mine heritage] Elsewhere it is generally Israel itself that goes by this name; e. g. "For the Lord's portion is his people; Jacob is the lot of his inheritance" (Deut. xxxii. 9). Compare 1 Sam. x. 1; 1 Kings viii. 51; Ps. xxviii. 9, lxxviii. 71; Is. xix. 25; Jer. x. 16.

8. The wickedness of the people is matched and encouraged by that of the chief men both in Church and State. Three classes of persons are spoken of.

(1) (this class is subdivided into two) the priests. The duty of the tribe of Levi was not only to minister at the altar, but to handle the law; i.e. to instruct the people in its precepts. Compare the words of "the blessing wherewith Moses the man of God blessed Israel before his death" (Deut. xxxiii.). He there says of Levi, "They shall teach Jacob thy judgments and Israel thy law" (ver. 10).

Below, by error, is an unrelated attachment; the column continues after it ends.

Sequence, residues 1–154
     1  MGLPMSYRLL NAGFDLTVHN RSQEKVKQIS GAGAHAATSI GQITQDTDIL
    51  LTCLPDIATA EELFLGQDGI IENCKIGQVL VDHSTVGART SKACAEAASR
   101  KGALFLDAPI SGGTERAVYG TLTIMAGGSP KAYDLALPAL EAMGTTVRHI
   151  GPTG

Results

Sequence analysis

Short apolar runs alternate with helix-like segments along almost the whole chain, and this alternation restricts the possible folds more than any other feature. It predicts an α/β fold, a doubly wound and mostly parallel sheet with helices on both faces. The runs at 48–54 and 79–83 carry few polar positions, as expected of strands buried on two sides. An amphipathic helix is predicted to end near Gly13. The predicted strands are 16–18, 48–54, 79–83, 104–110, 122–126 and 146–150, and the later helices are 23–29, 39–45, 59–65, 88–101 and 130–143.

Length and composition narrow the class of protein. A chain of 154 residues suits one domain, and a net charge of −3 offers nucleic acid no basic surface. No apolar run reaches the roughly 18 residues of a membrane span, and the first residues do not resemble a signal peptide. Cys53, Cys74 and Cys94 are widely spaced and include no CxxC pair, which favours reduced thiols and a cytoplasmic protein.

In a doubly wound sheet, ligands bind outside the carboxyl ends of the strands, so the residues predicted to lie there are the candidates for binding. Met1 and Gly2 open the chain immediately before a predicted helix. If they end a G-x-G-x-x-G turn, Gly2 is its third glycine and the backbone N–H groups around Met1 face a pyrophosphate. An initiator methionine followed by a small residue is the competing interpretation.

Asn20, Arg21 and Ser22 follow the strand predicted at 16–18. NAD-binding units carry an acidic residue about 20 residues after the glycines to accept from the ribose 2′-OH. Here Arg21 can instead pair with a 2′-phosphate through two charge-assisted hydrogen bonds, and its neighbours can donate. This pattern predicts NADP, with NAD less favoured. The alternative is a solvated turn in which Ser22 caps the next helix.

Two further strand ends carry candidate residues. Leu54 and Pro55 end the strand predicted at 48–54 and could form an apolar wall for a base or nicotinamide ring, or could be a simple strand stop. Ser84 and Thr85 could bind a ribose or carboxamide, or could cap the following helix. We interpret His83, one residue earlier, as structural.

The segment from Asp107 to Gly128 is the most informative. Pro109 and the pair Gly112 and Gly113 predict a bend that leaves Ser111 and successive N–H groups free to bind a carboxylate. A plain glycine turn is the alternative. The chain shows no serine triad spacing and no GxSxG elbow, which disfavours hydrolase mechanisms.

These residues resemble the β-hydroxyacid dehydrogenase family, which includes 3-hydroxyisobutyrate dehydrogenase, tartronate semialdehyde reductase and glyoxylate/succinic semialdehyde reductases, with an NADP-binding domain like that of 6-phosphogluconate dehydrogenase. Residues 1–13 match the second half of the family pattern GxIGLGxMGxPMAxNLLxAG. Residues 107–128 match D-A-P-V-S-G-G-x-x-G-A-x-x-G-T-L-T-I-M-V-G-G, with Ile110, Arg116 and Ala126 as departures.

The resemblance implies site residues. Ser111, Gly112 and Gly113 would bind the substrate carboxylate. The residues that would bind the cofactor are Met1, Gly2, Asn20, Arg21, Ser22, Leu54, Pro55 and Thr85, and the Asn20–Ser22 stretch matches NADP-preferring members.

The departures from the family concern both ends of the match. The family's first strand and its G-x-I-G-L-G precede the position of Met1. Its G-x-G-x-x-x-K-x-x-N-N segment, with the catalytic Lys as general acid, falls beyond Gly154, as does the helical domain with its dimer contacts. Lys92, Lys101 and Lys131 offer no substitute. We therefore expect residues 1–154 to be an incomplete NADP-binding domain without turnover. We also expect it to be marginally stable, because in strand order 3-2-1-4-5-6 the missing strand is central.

(2) the pastors, meaning, not ordained ministers according to the familiar application of the word in modern times, but, as elsewhere in the Old Testament, temporal rulers, kings, compare iii. 15. So in 1 Kings xxii. 17, when Micaiah the prophet desired to express to king Ahab his sense of his worthlessness as a ruler, he said, "I saw all Israel scattered upon the hills, as sheep that have not a shepherd." The same is the sense in Ezek. xxxiv. 2, "Woe be to the shepherds of Israel that do feed themselves! should not the shepherds feed the flocks?" So in Homer the kings are "shepherds of the people."